Sometimes, users tend to open a lot of WD applications in multiple tabs. After some time (depending on SAP Basis configuration) the session is automatically closed by the application server (Web AS), which will result in a timeout. From a user’s perspective this is confusing.


     Create a timeout page for system idles. The standard SAP response is:

     Instead, the system should return a custom (company-specific) page with both F5 (Refresh) functionality and a big “Refresh” button. For example:


     In transaction SICF both short dumps and session timeouts are treated as application errors:


     If you choose to implement an explicit response page, this will be shown for all kinds of application errors. But we don’t want that, we only want to see a custom page for timeouts.

     The explicit page can be written in HTML+CSS, but a major issue is that it completely ignores JavaScript. This means, you cannot test the error type and switch between different responses.



     After trying multiple alternative, like redirecting to another URL and test the system tag <%=MESSAGE%>, I’ve found a working solution which is actually quite simple (Occam’s razor states: “The simplest answer is usually the right one”):

     1. Create the .html page in any suitable program (Notepad++, or even a BSP application if you want to have the code available inside the system).


     2. You need to copy-paste the code inside an OTR long text using transaction SOTR_EDIT. (This is how the explicit pages are created in SICF)

     3. You’ll have to create a modification in the core WD class CL_WDR_CLIENT_ABSTRACT_HTTP for method PREPROCESS_REQUEST. (This cannot be enhanced as you need access to instance attributes which is not possible inside pre-/post exits, so you’ll need an access key)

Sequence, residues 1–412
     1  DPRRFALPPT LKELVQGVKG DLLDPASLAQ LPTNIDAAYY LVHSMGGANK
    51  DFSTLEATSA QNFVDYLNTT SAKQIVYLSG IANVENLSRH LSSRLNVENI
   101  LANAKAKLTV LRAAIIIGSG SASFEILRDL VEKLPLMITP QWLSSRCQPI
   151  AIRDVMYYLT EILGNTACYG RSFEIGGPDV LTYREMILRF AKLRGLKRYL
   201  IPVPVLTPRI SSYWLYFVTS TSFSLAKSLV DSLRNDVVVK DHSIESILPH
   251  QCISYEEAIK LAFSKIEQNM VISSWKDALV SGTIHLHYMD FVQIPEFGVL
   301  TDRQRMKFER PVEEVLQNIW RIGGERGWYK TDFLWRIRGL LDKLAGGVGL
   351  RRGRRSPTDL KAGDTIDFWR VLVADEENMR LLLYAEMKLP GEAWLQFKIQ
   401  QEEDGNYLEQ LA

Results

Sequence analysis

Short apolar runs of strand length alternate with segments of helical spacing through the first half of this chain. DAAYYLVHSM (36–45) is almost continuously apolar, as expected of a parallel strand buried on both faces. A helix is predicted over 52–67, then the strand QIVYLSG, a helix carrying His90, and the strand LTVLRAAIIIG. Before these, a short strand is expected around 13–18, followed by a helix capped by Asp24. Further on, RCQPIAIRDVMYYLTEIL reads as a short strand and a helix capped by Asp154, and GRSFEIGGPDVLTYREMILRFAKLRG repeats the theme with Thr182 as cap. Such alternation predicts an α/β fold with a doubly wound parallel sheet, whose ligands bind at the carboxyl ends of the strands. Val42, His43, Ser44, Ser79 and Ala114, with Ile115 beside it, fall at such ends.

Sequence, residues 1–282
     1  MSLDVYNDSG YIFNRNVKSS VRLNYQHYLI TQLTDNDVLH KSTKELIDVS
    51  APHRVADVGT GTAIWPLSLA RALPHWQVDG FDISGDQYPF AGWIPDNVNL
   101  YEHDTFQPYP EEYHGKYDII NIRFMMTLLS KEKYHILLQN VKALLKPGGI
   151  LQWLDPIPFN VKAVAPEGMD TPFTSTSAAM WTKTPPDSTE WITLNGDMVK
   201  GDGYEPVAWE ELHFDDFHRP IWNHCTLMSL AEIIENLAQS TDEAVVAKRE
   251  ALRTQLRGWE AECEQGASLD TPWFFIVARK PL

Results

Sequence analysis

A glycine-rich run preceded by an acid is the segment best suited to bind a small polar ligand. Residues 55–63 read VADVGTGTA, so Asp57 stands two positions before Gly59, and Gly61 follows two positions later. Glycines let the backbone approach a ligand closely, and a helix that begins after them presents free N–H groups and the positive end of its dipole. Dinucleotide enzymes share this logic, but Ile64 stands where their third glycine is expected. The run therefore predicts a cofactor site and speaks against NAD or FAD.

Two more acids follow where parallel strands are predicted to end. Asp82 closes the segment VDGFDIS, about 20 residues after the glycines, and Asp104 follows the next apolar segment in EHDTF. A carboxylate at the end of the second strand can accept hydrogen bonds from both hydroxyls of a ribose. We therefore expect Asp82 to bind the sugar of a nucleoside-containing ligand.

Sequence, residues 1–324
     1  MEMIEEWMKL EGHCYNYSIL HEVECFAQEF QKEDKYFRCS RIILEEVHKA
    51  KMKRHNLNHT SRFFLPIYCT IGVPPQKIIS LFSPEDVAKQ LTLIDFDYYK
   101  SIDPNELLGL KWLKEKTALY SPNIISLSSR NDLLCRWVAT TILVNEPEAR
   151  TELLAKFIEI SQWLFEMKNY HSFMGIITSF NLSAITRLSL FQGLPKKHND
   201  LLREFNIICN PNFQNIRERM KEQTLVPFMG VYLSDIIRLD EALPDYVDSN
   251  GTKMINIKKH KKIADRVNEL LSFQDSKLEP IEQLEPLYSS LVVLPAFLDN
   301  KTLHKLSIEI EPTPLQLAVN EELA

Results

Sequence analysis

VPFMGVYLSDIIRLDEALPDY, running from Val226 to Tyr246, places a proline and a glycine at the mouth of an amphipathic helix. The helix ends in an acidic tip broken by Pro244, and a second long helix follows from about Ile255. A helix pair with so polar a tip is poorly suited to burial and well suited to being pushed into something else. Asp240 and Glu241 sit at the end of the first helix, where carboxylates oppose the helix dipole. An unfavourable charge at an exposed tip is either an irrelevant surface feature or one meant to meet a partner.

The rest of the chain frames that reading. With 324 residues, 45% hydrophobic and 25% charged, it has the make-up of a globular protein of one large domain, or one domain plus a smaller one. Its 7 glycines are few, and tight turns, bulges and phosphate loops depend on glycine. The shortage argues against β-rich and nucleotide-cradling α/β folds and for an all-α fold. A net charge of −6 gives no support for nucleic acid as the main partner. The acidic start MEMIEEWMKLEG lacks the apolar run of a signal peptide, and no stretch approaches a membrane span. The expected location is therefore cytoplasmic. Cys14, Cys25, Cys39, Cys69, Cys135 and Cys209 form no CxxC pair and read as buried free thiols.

Here, instead of writing the code directly, I chose to call a static method in a customer class. Also, I do this because I don’t want to use this timeout page in all applications. I’ve created a customizing table where I store the WD application name and a flag for ‘Active’, for all applications that should use this functionality.

method handle.

type ref to cl_http_server,
type string_table,
type ytpf_t_appl_list,                       “#EC NEEDED
type icf_response_page,
type i,
type string.

lr_server ?= ir_server.
if lr_server is bound.

     “cl_wdr_task=>application->name can NOT be used here, as the instance is already destroyed…
split lr_server->m_runtime_memory_id at `/` into table lt_path[].

    if not lt_path[] is initial.
describe table lt_path[] lines lv_index.
read table lt_path[] into lv_service index lv_index. refresh lt_path[].

      if sysubrc is initial.
translate lv_service to upper case.

        select single service_name active
from ytpf_t_appl_list
into corresponding fields of ls_appl
where service_name eq lv_service
and active       eq abap_true.

        if sysubrc is initial.
body = `2C768A4E40741EE3A7A55C5708059340` “SOTR automatically generated GUID

= ir_server->co_page_error_type
= ls_page
= 1
= 2
others                           = 3 ).



At runtime, if the application error type is a session timeout the explicit page is replaced with the custom page stored in the OTR long text.